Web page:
Since fleeing Afghanistan shortly before the Taliban takeover last month, Farhana has been unable to find peace. Nightmares take her back to the moments she jostled among a crowd of thousands to enter the gate of Kabul’s airport.
The 34-year-old gynaecologist was among tens of thousands of Afghans who left the country within days of the Taliban’s return to power 20 years after they were removed in a US-led military invasion.
She is assailed by sorrow and guilt for the patients she has left behind at the public maternity hospital in the western city of Herat, where she was one of eight Afghan female health workers trained by Italy’s Umberto Veronesi Foundation to diagnose breast cancer.
“I am so, so incredibly sorry for them,” Farhana – whose name was changed to protect her identity – told Al Jazeera from Italy.
Patients keep arriving at the now-closed centre only to find it shut, she is told by those who stayed behind. “These people are in need, I hope we can find a way to reopen it in the future,” Farhana said.
‘Close to death’
Health workers, both public and private, who remain in Afghanistan are battling a humanitarian crisis of staggering proportions, with dwindling personnel and resources as the country’s healthcare system nears collapse.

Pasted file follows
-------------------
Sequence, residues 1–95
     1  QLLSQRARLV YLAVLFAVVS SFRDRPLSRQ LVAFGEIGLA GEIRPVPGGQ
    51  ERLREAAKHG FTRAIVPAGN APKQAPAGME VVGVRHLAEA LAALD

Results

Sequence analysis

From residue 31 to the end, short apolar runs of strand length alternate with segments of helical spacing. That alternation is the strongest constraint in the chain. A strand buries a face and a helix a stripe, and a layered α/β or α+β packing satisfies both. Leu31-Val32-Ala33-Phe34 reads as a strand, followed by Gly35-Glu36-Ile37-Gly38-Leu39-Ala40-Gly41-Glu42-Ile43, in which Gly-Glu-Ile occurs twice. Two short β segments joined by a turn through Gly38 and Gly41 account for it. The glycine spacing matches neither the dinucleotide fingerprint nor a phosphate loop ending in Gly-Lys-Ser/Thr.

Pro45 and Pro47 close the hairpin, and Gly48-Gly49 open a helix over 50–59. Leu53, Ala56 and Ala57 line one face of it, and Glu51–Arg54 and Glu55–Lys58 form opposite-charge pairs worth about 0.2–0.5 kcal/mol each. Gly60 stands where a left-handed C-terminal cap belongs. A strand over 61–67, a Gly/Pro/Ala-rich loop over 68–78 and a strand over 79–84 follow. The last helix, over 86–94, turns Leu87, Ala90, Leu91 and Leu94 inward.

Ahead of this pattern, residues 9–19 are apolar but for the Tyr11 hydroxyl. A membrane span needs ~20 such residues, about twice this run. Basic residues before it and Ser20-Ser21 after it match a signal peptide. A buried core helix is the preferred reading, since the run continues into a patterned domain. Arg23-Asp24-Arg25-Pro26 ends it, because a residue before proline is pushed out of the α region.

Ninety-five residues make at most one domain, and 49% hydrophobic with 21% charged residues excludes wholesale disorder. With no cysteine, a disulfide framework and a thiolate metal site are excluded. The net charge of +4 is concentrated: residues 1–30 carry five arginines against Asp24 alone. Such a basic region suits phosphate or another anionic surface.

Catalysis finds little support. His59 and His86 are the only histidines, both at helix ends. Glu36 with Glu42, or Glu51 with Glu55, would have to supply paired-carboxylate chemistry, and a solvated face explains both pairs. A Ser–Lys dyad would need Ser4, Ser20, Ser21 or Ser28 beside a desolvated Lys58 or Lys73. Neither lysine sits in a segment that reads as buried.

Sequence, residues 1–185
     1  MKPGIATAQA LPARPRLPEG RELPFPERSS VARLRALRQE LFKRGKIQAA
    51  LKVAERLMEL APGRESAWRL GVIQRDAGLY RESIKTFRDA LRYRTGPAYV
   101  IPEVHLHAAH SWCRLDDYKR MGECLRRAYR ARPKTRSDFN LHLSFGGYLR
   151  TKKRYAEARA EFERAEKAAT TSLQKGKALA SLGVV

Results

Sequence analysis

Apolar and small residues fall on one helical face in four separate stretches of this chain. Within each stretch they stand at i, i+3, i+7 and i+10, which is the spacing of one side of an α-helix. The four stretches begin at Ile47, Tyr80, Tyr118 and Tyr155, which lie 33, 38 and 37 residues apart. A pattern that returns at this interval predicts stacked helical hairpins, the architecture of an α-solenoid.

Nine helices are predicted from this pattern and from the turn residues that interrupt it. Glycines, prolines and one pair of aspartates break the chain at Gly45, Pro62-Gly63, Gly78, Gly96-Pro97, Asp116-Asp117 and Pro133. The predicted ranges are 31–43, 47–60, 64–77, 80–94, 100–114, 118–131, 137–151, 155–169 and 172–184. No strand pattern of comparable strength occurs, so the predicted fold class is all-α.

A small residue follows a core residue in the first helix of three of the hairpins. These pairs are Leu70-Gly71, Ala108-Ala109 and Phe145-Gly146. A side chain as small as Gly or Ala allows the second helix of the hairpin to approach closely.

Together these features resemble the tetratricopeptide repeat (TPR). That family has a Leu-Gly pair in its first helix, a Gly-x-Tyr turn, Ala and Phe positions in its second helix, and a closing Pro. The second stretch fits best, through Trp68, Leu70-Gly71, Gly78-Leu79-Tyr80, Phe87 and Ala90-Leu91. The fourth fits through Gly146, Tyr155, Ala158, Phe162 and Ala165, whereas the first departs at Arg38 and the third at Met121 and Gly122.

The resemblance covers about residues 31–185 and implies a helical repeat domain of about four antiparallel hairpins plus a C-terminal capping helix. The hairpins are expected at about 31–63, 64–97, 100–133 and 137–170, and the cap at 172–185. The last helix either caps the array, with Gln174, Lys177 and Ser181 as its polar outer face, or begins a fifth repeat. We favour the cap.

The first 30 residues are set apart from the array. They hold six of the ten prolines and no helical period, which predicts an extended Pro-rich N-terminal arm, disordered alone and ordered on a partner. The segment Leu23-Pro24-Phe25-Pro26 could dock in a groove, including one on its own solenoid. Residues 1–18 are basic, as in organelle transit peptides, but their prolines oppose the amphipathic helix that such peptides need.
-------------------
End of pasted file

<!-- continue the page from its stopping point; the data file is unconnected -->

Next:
Tankred Stöbe, medical coordinator at Doctors Without Borders (MSF), was on duty at MSF’s inpatient therapeutic feeding centre in Herat when a toddler named Sabratullah was brought in three weeks ago.
“He was close to death,” Stöbe told Al Jazeera. “He couldn’t respond, his eyes were sunken, he couldn’t eat or drink by himself any more.” The 18-months-old boy’s body weight was down to 3.5kg (7.7 pounds) – the weight of a healthy newborn – and Stöbe and his team rushed to inject his feeble body with a nutritious solution.